Ponies: The issue of measuring ponies focused on the fact that many stewards, although responsible for doing the task, often turn it over to veterinarians. Citing cases where there was incorrect measuring, a call was made to take this situation more seriously. As a result, teaching stewards how to measure ponies properly will become part of their education.
The board approved keeping stallions out of pony classes. There was an overwhelming feeling among committee members that today the pony ring has become big business and that there is a need to get back to the concept that ponies are for kids and for teaching them how to ride.
Equitation: Discussion centered on the fact that equitation riders do not do a good job of tracking their points, which can result in preventing another rider from qualifying for the finals if a rider competes in more classes than are necessary. It was suggested that a passport could be created to help them track their points. Further discussion centered on equitation riders being allowed to cross their stirrups when being tested.
Jumper: In this forum, organizing the point system was debated. The initial proposal was to do this as Table I, and to move “touches to count” to another table. Debate here centered on the fact that in certain areas of the country, touch classes are all but extinct, while in other areas, especially at the grassroots level, they are prevalent. Those who compete at the grassroots level felt it would be a mistake to change the existing Table I and preferred adding a new Table V. Mandating the use of safety cups to make jumping safer for horses and riders was passed.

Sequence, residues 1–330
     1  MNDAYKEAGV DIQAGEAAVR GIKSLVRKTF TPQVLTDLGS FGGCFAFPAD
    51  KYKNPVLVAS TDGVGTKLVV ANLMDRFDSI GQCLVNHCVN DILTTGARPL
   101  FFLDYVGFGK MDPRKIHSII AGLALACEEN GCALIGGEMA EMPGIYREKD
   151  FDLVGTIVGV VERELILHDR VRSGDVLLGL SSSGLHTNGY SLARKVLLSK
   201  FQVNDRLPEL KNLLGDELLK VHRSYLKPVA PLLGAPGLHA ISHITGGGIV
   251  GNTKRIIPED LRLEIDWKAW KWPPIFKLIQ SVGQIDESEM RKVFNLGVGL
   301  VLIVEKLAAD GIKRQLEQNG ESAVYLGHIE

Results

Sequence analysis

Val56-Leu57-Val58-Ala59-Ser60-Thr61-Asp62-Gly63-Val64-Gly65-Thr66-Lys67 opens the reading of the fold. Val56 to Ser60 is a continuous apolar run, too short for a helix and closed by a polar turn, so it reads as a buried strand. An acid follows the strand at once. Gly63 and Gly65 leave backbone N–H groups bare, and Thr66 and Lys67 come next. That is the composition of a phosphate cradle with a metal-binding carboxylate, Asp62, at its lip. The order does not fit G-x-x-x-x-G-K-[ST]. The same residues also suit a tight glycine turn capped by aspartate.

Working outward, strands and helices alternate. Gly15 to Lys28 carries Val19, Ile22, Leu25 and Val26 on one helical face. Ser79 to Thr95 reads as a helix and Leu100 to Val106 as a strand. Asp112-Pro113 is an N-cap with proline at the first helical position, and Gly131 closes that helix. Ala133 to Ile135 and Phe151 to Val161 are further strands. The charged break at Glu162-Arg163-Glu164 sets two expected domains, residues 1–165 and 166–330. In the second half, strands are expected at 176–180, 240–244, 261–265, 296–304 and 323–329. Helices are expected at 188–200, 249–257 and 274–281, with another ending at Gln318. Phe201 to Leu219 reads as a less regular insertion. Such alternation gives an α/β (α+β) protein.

Western: In the western forum there was discussion about the new Reining Seat Medal Finals, which has rejuvenated the equitation division going, as it did, from three riders to 47 in one year. An announcement was also made that the Reining Championships, the Futurities Finals and a Nations Cup will again take place at the Festival of Champions in Gladstone, N.J., in June. Further discussion centered on deleting mounting and dismounting from the testing list because of the fact that more and more people with disabilities are showing. Rules were also passed in both dressage and driving to help make it easier for people with disabilities to enjoy horse sports.
Dressage: In dressage a new U.S. Freestyle League, which is expected to help the sport grow, is being implemented. Also, they are working on new tests for 2002.
Endurance:?Endurance incorporated their rules into the rulebook. In addition, ten 100-mile rides were added to the calendar for this year.
Three-Day Eventing: In this forum, noted three-day course designer Roger Haller explained that the FEI is looking at the possibility of making the sport a horse trials competition and not three-day eventing. The eventers see this as a mistake, since they believe the three-day event aspects of roads and tracks and steeplechase help warm the horse up for the cross-country jumping phase. There was also discussion of changing the format for the Olympics back to one competition to decide both the team and individual titles, rather than keeping them as two completely different competitions. An announcement was also made that the United States Combined Training Association will be changing its name to the U.S. Eventing Association.
AHSA’s 85th annual meeting will be held in Charlotte, N.C. in 2002.